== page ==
United States Bankruptcy Proceedings for Latin American Corporates

The covid-19 pandemic has shaken global markets and resulted in unprecedented business disruptions. Unemployment rates have skyrocketed and many countries have been facing a public health crisis of enormous proportions. Despite generous government stimulus packages and extremely low interest rates, the pandemic has had harsh economic effects. Some industries have been hit particularly hard, including airlines, entertainment, hospitality, auto parts, and oil and gas.

The negative economic effects of the pandemic have been particularly acute in Latin America. The financial stability and outlook of many corporates in the region have been adversely affected. Even historically stable companies have been facing extraordinary challenges and are evaluating options for restructuring their balance sheets and addressing liquidity constraints. In this challenging environment, while several Latin American corporates facing severe liquidity issues have turned to domestic insolvency proceedings to restructure their debts and operations, some companies have turned to Chapter 11 of the US Bankruptcy Code to restructure their balance sheets and obtain access to liquidity.

The ongoing crisis has demonstrated that business professionals and non-US practitioners dealing with potential insolvencies of Latin American companies should carefully consider whether US law can provide them with useful reorganisation tools, either in the form of plenary Chapter 11 proceedings or ancillary Chapter 15 proceedings supporting a home country reorganisation. Recent experiences have shown that, while companies that lack a significant operational presence in the United States might not look to restructure there in the first instance, the US Bankruptcy Code is extraterritorial and allows US courts to assist actively in international restructurings of companies operating predominantly outside the United States. This chapter provides an overview of Chapter 11 and Chapter 15, and discusses how Latin American corporates can benefit from the tools available under each of these regimes.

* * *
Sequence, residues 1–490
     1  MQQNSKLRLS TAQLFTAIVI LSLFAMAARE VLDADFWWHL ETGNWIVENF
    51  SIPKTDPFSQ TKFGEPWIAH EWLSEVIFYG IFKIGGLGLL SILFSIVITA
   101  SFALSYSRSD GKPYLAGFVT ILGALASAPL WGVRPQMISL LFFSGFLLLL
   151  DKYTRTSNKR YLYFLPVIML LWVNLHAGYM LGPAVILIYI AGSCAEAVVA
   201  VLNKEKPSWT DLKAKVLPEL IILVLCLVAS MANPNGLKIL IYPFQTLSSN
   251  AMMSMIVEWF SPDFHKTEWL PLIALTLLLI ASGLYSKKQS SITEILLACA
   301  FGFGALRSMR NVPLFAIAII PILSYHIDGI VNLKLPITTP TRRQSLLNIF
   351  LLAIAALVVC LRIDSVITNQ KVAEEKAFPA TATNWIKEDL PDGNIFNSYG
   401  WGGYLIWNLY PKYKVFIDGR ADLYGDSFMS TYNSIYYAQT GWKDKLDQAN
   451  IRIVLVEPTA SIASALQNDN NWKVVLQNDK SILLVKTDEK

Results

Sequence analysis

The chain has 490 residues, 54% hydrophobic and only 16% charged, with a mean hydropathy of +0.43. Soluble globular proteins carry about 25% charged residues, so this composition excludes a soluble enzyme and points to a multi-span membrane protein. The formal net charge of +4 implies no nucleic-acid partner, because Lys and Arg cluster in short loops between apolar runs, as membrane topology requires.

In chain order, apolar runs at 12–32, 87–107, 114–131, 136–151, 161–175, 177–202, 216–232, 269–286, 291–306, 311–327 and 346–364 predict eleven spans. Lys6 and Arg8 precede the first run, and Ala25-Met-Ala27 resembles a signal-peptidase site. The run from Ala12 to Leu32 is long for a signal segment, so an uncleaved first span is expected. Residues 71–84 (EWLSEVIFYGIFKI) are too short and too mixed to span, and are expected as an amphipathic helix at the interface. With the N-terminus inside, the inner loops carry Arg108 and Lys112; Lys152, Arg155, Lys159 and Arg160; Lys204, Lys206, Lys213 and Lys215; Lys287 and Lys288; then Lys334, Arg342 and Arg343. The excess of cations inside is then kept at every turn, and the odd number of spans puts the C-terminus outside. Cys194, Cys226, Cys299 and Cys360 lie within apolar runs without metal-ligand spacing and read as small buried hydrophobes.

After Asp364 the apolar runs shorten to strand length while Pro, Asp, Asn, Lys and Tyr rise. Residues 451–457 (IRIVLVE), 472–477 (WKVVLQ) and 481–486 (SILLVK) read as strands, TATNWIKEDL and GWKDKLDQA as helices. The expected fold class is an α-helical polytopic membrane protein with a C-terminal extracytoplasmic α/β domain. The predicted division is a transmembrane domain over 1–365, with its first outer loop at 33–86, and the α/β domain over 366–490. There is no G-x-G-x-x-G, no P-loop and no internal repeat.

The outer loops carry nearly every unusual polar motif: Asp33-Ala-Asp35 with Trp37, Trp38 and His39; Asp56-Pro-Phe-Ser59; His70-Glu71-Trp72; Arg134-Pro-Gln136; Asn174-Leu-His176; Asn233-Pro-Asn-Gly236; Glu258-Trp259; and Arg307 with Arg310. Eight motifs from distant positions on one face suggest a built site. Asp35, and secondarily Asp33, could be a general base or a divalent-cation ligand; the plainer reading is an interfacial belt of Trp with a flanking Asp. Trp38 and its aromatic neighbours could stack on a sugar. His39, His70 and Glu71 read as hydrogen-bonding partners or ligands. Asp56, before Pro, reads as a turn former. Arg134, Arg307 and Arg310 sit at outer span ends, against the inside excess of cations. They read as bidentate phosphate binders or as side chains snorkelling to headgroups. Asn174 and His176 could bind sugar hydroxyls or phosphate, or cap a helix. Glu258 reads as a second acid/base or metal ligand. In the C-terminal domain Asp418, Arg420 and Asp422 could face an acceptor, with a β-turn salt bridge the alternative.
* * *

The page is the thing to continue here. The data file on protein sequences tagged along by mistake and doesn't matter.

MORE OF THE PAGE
Chapter 11

Historically, the United States has taken a different view towards corporate restructuring from other nations. The corporate reorganisation provisions of the Bankruptcy Code, which we can, for convenience, call ‘Chapter 11’, were not written for or by the banking community in the United States for the primary benefit of creditors. Indeed, the main objective of Chapter 11 is to prevent liquidation and preserve long-term corporate value, not the punishment of bankrupts or even the maximisation of immediate creditor recoveries. In the US ‘bankruptcy’ does not mean liquidation, but rather encompasses both liquidation (rarely) and restructuring (usually). For this reason, Chapter 11 has several essential elements that sometimes surprise non-US professionals. These elements can make Chapter 11 an attractive option for restructuring companies operating in Latin America.

For example:

  • a company need not be organised in, nor predominantly operating in, the United States, to file for Chapter 11;